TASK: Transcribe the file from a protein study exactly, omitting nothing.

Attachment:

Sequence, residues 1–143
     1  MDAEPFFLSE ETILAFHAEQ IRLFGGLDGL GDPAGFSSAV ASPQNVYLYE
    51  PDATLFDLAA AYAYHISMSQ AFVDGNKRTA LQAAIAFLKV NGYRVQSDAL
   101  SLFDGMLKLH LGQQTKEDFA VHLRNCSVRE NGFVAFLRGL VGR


Sequence, residues 1–143
     1  MDAEPFFLSE ETILAFHAEQ IRLFGGLDGL GDPAGFSSAV ASPQNVYLYE
    51  PDATLFDLAA AYAYHISMSQ AFVDGNKRTA LQAAIAFLKV NGYRVQSDAL
   101  SLFDGMLKLH LGQQTKEDFA VHLRNCSVRE NGFVAFLRGL VGR